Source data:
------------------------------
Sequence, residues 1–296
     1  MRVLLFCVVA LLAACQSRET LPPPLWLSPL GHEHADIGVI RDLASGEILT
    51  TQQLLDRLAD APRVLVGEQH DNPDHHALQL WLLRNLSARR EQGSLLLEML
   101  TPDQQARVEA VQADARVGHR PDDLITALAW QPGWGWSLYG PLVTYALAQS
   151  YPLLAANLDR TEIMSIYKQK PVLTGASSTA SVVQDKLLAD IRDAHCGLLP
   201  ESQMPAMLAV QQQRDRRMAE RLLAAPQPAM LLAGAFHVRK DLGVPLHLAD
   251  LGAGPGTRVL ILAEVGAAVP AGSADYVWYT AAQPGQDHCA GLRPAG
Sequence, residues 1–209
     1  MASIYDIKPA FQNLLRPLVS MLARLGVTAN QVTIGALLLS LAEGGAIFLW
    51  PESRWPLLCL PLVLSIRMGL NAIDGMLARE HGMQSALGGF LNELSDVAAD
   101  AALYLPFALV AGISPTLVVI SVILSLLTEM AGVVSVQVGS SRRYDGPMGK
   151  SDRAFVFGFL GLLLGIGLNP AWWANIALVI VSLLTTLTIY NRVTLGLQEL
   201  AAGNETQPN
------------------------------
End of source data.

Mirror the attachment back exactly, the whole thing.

Sequence, residues 1–296
     1  MRVLLFCVVA LLAACQSRET LPPPLWLSPL GHEHADIGVI RDLASGEILT
    51  TQQLLDRLAD APRVLVGEQH DNPDHHALQL WLLRNLSARR EQGSLLLEML
   101  TPDQQARVEA VQADARVGHR PDDLITALAW QPGWGWSLYG PLVTYALAQS
   151  YPLLAANLDR TEIMSIYKQK PVLTGASSTA SVVQDKLLAD IRDAHCGLLP
   201  ESQMPAMLAV QQQRDRRMAE RLLAAPQPAM LLAGAFHVRK DLGVPLHLAD
   251  LGAGPGTRVL ILAEVGAAVP AGSADYVWYT AAQPGQDHCA GLRPAG
Sequence, residues 1–209
     1  MASIYDIKPA FQNLLRPLVS MLARLGVTAN QVTIGALLLS LAEGGAIFLW
    51  PESRWPLLCL PLVLSIRMGL NAIDGMLARE HGMQSALGGF LNELSDVAAD
   101  AALYLPFALV AGISPTLVVI SVILSLLTEM AGVVSVQVGS SRRYDGPMGK
   151  SDRAFVFGFL GLLLGIGLNP AWWANIALVI VSLLTTLTIY NRVTLGLQEL
   201  AAGNETQPN